Can You Get A Legal Separation Instead Of A Divorce In Texas?
Divorce is a big step. It ends a marriage. In contrast, a legal separation allows spouses to use the court to separate their lives without officially ending their marriage. While legal separation is an option in many states, Texas does not recognize legal separations. However, that does not mean that you have to get divorced. There are alternatives to legal separation. In this article, our lawyers explain what to understand about Texas law and provide an overview of your alternative options.
Know the Law: Texas Does Not Recognize Legal Separation
Understanding Texas family law is crucial when navigating marital issues. Unlike other states, Texas does not recognize legal separation. A formal divorce grants legal rights and settles financial and custody matters. Of course, it also ends the marriage. The good news for those that may be interested in a legal separation in Galveston County is that there are other options available.
There are Alternative Options Available that Protects Your Rights If Not Ready for Divorce
While Texas does not recognize legal separations as a valid alternative to divorce, there are a number of different other options available that you may be able to achieve many of the same advantages of a legal separation. Among other things, you may benefit from:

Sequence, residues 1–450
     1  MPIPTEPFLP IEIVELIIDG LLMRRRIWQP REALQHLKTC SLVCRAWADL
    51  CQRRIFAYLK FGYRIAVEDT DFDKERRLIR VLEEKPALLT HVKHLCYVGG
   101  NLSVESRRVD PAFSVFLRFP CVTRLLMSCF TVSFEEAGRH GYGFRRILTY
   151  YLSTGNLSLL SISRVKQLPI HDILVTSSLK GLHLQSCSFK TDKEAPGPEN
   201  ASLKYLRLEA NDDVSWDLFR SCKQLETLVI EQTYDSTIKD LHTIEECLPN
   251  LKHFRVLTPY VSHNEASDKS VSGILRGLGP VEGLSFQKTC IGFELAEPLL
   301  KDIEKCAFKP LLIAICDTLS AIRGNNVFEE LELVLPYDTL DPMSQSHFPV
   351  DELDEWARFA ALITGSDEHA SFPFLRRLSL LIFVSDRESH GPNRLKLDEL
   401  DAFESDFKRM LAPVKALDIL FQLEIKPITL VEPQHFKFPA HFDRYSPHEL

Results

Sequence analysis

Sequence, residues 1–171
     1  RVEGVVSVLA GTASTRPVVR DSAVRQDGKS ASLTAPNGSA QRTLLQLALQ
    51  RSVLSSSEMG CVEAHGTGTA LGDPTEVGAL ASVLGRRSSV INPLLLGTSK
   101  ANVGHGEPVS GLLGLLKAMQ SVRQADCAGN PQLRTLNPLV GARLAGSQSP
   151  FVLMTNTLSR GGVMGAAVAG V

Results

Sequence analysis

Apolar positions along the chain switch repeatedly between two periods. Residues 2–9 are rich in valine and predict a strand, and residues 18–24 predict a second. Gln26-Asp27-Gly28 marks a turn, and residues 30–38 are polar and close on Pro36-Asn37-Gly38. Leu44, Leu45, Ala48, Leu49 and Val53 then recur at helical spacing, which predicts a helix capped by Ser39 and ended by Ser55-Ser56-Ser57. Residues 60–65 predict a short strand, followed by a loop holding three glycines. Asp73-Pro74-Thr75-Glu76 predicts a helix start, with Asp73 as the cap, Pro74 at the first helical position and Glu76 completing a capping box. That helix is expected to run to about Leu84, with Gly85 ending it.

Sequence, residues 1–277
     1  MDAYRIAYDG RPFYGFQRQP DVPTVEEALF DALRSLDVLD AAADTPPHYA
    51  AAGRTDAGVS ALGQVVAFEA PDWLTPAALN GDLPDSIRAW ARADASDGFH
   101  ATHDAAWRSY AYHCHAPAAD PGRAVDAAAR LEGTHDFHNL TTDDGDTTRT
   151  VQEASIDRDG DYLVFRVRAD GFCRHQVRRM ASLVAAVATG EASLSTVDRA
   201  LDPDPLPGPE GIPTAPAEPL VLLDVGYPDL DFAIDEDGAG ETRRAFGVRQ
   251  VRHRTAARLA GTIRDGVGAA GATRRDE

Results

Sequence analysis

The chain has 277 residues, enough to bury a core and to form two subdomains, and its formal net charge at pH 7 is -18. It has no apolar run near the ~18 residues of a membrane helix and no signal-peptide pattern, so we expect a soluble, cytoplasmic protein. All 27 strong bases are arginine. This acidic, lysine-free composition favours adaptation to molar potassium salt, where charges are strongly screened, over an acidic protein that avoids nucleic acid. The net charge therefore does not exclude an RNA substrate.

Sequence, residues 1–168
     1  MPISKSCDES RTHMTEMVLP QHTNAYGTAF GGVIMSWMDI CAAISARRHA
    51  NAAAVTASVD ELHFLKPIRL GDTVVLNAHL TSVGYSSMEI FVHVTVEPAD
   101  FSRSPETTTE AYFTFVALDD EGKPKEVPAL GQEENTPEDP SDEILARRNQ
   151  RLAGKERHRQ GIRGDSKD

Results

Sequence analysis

- Temporary Orders: Temporary orders are issued by the court in divorce or other family law proceedings. They provide temporary relief for the parties involved. A temporary order could be a viable solution if you and your spouse are not yet ready for a divorce.
- Suit Affecting Parent-Child Relationship (SAPCR): A SAPCR is a legal action that addresses the rights and responsibilities of parents regarding their children without going through a divorce. A SAPCR may establish custody, visitation, and child support arrangements. When used properly, it offers some protection and structure for parents and children during an informal separation.
- Community Property Division Agreement: Texas is a community property state (Texas Family Code § 002). A Community Property Division Agreement is a contractual agreement that allows spouses to divide their marital assets and debts without obtaining a formal divorce.
- Partition and Exchange Agreement: A Partition and Exchange Agreement is a legally binding contract that allows spouses to convert community property into separate property. It helps to protect each spouse’s assets and debts during an informal separation. Financial stability is essential for married couples that want to try a separation period.
Note: If you have not finalized your divorce, you are still legally married in Texas. Neither you nor your spouse can get remarried if you have separation agreements in place instead of a divorce.
At Lindamood & Robinson, P.C., our Texas divorce lawyers are passionate, experienced advocates for our clients. If you have any specific questions or concerns about the alternatives to legal separation, we are here as a resource. Give us a phone call now or connect with us online to arrange your fully private, no obligation case assessment. Our firm represents clients throughout Galveston County.